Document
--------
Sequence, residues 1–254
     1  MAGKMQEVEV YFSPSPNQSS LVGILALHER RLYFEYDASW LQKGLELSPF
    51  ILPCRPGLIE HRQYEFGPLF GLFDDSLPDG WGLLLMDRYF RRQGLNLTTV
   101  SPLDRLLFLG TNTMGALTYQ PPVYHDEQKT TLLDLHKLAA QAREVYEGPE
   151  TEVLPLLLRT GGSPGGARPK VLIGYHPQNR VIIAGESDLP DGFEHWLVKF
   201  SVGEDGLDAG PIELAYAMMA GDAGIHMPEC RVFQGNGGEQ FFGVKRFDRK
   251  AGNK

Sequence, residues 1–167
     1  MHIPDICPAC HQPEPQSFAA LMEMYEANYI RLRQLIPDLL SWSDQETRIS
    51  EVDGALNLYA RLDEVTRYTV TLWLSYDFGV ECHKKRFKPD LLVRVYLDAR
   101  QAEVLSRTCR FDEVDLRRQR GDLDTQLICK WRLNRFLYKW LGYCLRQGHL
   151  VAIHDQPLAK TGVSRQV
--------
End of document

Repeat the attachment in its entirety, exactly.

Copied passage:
Sequence, residues 1–254
     1  MAGKMQEVEV YFSPSPNQSS LVGILALHER RLYFEYDASW LQKGLELSPF
    51  ILPCRPGLIE HRQYEFGPLF GLFDDSLPDG WGLLLMDRYF RRQGLNLTTV
   101  SPLDRLLFLG TNTMGALTYQ PPVYHDEQKT TLLDLHKLAA QAREVYEGPE
   151  TEVLPLLLRT GGSPGGARPK VLIGYHPQNR VIIAGESDLP DGFEHWLVKF
   201  SVGEDGLDAG PIELAYAMMA GDAGIHMPEC RVFQGNGGEQ FFGVKRFDRK
   251  AGNK

Sequence, residues 1–167
     1  MHIPDICPAC HQPEPQSFAA LMEMYEANYI RLRQLIPDLL SWSDQETRIS
    51  EVDGALNLYA RLDEVTRYTV TLWLSYDFGV ECHKKRFKPD LLVRVYLDAR
   101  QAEVLSRTCR FDEVDLRRQR GDLDTQLICK WRLNRFLYKW LGYCLRQGHL
   151  VAIHDQPLAK TGVSRQV